Right after I bought my Subaru Legacy, I suddenly started seeing lots of vehicles on the road that were the same color, make, and model. The streets were crowded with cars like mine. It seemed like everyone was out buying them. Have you ever had the same experience? There wasn’t a run on Subaru’s that year. Instead, this is just one of my brain’s quirky confirmation biases at work. That confirmation bias likely did something nice for me; it helped confirm that I made the right purchase. After all, I felt like I was in good company. Half the town, it seemed, purchased a car just like mine.
Whenever we make a purchase, we want to know it was a good purchase.
It feels great to be happy with a purchase, no matter how small or big. And it feels terrible to realize you plunked down money on an unsatisfactory purchase. When we realize we made a poor purchase decision, we can feel deceived, conned, or uninformed. No one wants a member to feel this way, but sometimes they do.
- Sometimes organizations try to upsell new members right as they join. The too-soon upsell prompts members to assume their base membership has minimal value.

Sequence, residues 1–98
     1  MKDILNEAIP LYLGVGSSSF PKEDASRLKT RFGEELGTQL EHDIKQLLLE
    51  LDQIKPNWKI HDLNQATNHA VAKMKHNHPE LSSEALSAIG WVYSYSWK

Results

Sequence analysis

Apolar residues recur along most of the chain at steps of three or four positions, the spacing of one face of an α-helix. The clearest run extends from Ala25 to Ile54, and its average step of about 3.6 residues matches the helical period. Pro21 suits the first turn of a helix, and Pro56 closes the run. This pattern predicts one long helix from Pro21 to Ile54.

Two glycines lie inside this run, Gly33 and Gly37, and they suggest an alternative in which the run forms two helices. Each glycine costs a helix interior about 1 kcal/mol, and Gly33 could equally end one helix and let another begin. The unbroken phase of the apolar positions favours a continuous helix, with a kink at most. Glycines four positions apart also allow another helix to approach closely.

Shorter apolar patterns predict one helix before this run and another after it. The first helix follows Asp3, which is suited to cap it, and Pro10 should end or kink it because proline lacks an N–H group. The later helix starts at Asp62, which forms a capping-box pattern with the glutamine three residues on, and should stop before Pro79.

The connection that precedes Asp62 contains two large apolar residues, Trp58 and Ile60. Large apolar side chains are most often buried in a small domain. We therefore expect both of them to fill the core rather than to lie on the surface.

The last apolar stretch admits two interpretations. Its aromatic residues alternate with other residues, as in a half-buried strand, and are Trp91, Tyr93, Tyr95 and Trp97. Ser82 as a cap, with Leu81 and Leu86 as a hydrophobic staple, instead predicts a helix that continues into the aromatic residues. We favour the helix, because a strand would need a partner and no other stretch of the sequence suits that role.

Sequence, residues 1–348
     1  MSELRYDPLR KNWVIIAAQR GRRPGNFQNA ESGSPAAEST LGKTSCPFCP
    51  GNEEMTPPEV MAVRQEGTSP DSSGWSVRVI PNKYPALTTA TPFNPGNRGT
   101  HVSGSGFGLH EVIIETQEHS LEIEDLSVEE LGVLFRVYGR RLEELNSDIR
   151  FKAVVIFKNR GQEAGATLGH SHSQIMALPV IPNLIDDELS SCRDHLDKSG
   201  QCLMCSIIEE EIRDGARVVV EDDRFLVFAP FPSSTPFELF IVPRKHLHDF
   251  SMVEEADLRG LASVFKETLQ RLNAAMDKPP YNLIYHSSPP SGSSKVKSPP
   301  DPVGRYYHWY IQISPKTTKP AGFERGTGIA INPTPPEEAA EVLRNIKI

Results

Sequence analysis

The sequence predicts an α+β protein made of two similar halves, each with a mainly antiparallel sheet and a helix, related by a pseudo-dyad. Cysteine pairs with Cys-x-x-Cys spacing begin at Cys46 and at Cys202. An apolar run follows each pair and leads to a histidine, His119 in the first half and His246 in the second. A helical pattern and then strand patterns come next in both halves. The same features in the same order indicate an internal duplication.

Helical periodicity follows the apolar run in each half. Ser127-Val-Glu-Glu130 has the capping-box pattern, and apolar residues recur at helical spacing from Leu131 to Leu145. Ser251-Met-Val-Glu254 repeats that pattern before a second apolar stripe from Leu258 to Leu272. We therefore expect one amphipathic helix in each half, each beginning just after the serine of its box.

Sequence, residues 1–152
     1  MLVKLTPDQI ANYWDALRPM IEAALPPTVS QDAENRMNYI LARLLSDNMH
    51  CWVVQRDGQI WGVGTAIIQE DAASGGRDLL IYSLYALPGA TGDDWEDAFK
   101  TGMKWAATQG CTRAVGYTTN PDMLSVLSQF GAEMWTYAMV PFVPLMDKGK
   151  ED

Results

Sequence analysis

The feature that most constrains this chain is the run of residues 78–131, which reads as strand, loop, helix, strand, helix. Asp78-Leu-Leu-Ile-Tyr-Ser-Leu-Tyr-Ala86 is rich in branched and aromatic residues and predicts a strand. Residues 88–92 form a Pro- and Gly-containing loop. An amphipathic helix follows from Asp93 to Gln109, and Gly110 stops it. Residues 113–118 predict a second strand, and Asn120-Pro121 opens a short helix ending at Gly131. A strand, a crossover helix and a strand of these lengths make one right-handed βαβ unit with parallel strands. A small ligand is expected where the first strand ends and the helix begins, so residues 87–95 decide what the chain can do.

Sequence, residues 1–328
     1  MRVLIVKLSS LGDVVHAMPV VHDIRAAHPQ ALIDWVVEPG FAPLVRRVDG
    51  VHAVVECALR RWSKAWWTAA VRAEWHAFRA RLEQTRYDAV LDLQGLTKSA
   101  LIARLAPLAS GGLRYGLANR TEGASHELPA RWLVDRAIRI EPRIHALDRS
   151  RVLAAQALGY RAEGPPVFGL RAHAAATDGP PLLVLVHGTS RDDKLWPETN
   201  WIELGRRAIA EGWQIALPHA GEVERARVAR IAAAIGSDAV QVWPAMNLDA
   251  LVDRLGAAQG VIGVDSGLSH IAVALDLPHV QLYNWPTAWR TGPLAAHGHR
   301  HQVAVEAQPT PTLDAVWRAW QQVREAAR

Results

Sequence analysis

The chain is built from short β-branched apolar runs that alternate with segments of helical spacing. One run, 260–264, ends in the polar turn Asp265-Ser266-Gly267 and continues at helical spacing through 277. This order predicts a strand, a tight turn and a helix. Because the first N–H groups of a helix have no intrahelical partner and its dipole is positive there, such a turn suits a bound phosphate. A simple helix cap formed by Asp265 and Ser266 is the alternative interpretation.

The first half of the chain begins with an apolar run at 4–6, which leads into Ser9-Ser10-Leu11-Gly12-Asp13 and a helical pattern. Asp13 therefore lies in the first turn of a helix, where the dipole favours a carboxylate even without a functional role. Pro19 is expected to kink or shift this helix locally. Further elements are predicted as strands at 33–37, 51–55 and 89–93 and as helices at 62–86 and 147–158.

- Sometimes members will try to reach out to the leadership or staff right after they join, and do not receive a reply. The lack of response leads them to believe their membership is not valued.
- Sometimes new members carefully read the first few emails from the organization but find nothing applicable to their situation, so they start to worry that the association is not for them.
Review the first few days of your new member’s journey. Make sure you are helping new members confirm that their decision to join was a good one.
Do you want to make new members confident in their decision to join? Participate in this year’s New Member Engagement Study, a partnership between Dynamic Benchmarking and me, and we will show you how to improve new member engagement.
- Navigating each association’s two-way trust street
- Members do not have time to engage with your association
- Potential members are not hearing about associations anymore